There are dating websites that specialize in interracial dating – hell, there’re dating websites that specialize in just about any variable you can think of – so you might want to check those out. Also, the larger city you live in, the greater the odds that there will be social meet-and-greets specifically for interracial dating. These are some options you might want to explore.
Some of the best advice I have comes from my friend Travis, who has more experience in these matters: In general, if you want to maximize your chances of meeting someone who’d be interested in interracial dating… well, it’s more or less the same thing you’d do if you’re interested in meeting more people in general: go out and find groups that share your interests, ones with a multiethnic makeup. Get to know folks there, let them get to know you and how awesome you are and make some friends.When you meet someone who interests you, chat ’em up. Pour on the charm. Flirt a little. Same as you would anybody else you were interested in.
Sometimes you’re going to get rejected… but this is going to happen regardless of whether you’re looking for an interracial relationship or not. Sometimes it may be because she’s not attracted to Asian dudes, sometimes it may be because she’s not into you as a person, sometimes it may be because she’s just not into dating anyone right now. Risking rejection is part of the price of dating, full stop. You just have to keep soldiering on.
A word of warning: I mentioned dudes with “yellow fever” in my response to Can’t Think Of A Cool Name’s letter, but there are women who fetishize race as well. Anyone interested in interracial dating runs the risk of encountering people – male and female – who are interested in interracial dating because they’ve fetishized the race of the people they’re attracted to.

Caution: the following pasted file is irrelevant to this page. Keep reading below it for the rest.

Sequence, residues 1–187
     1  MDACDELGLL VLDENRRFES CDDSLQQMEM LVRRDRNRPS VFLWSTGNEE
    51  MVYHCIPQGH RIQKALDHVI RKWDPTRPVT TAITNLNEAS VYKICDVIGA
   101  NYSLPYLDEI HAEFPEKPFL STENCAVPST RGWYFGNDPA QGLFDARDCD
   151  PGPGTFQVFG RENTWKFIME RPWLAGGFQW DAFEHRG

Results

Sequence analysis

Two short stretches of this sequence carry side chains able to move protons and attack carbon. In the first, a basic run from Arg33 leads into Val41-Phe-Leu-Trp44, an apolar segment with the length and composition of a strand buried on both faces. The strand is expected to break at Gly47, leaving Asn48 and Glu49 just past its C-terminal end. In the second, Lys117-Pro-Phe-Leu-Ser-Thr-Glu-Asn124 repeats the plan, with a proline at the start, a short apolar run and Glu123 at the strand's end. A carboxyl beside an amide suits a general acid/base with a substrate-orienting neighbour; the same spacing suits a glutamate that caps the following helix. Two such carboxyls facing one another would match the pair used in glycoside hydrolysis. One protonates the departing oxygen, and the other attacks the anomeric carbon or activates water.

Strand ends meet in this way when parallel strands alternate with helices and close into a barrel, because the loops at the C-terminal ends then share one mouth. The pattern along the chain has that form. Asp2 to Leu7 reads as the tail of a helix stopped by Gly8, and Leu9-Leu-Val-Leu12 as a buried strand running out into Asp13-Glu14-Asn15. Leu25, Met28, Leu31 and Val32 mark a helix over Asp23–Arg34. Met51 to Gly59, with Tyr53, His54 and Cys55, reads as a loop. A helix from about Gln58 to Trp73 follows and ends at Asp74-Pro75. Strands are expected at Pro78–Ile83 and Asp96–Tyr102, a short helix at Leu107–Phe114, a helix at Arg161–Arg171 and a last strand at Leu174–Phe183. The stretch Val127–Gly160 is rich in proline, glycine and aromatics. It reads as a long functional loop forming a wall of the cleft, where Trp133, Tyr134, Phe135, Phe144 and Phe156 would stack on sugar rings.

At first, it can be appealing: after all, you’re not just a person, you’re also a piece of meat and sometimes it can be fun to let yourself be used. But people who fetishize race aren’t interested in you as a person, they’re interested in what they think you represent… they’re not into you so much as a collection of stereotypes that resemble you. Men are less likely to encounter this than women, but it does happen. Ultimately, you want to date someone who loves you for you, not the idea of what you are “supposed” to be… because the moment they realize you’re a person and not this being they wish you were, they’re off to the next appealing bundle of pre-conceived notions
Do you have any advice or insight for the letter writers? Let them know in the comments section.